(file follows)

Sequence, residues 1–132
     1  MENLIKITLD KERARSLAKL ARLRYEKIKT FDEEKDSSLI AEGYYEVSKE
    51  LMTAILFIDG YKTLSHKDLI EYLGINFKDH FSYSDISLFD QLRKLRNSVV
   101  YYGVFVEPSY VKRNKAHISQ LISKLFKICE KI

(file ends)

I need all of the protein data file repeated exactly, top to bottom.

Sequence, residues 1–132
     1  MENLIKITLD KERARSLAKL ARLRYEKIKT FDEEKDSSLI AEGYYEVSKE
    51  LMTAILFIDG YKTLSHKDLI EYLGINFKDH FSYSDISLFD QLRKLRNSVV
   101  YYGVFVEPSY VKRNKAHISQ LISKLFKICE KI